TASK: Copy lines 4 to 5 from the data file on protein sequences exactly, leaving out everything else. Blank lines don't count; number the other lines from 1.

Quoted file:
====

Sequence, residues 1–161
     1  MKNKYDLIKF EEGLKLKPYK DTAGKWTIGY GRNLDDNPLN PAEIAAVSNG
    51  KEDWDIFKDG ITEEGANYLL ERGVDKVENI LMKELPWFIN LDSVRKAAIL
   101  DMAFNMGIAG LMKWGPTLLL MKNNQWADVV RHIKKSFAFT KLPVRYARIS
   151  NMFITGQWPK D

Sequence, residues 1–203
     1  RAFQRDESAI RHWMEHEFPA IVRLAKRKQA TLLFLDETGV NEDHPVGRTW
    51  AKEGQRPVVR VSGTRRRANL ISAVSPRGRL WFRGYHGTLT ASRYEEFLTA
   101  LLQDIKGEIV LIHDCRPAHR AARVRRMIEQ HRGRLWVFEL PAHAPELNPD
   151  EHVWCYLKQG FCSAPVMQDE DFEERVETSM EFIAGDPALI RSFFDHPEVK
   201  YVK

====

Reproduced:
   101  DMAFNMGIAG LMKWGPTLLL MKNNQWADVV RHIKKSFAFT KLPVRYARIS
   151  NMFITGQWPK D